# Total Internal Reflection

When light travels from an optically denser medium to a rarer medium at the interface, it is partly reflected back in to the same medium and partly refracted to the second medium. This reflection is called the internal reflection.

When a ray of light enters from a denser medium to a rarer medium. It bends away from the normal, for example, the ray AO₁B in figure. The incident ray AO₁ is partially reflected (O₁C) and partially transmitted (O₁B) or reflected, the angle of refraction (r) being larger than the angle of incidence (i) As the angle of incidence increases, so does the angle of refraction, till for the ray AO₃. The angle of refraction is π/2. The refracted ray is bent so much away from the normal that it grazes the surface at the interface between the two media. This is shown by the ray AO₃D in figure. If the angle of incidence is increased still further (e.g., the ray AO₄), refraction is not possible, and the incident ray is totally reflected. This is called total internal reflection, when light gets reflected by a surface, normally some fraction of it gets transmitted. The reflected ray, therefore, is always less intense than the incident ray, howsoever smooth the reflecting surface may be. In total internal reflection, on the other hand, no transmission of light takes place.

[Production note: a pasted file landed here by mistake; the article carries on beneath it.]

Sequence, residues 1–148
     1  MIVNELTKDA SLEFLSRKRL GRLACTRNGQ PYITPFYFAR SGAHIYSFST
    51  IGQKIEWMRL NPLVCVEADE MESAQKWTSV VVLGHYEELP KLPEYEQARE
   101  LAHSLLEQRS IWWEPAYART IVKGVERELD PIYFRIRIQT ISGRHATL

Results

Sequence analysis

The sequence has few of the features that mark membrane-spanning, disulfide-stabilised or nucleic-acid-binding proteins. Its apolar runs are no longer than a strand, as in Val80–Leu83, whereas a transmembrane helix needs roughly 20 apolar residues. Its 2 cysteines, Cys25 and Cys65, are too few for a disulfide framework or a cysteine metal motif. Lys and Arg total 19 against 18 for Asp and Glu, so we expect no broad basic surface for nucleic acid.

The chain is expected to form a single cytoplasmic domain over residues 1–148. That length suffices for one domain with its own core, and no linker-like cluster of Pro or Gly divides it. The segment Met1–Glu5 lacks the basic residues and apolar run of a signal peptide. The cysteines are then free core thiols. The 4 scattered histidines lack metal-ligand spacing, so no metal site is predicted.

The angle of incidence corresponding to an angle of refraction 90⁰ say ∠AO₃N is called the critical angle (ic) for the given pair of media. We see from Snell’s law $$\left( \frac{\sin i}{\sin r}={{n}_{21}} \right)$$ that if the relative refractive index is less than one then, since the maximum value of  is unity, there is an upper limit to the value of sin i for which the law can be satisfied, that is, i = ic such that sin ic = n21.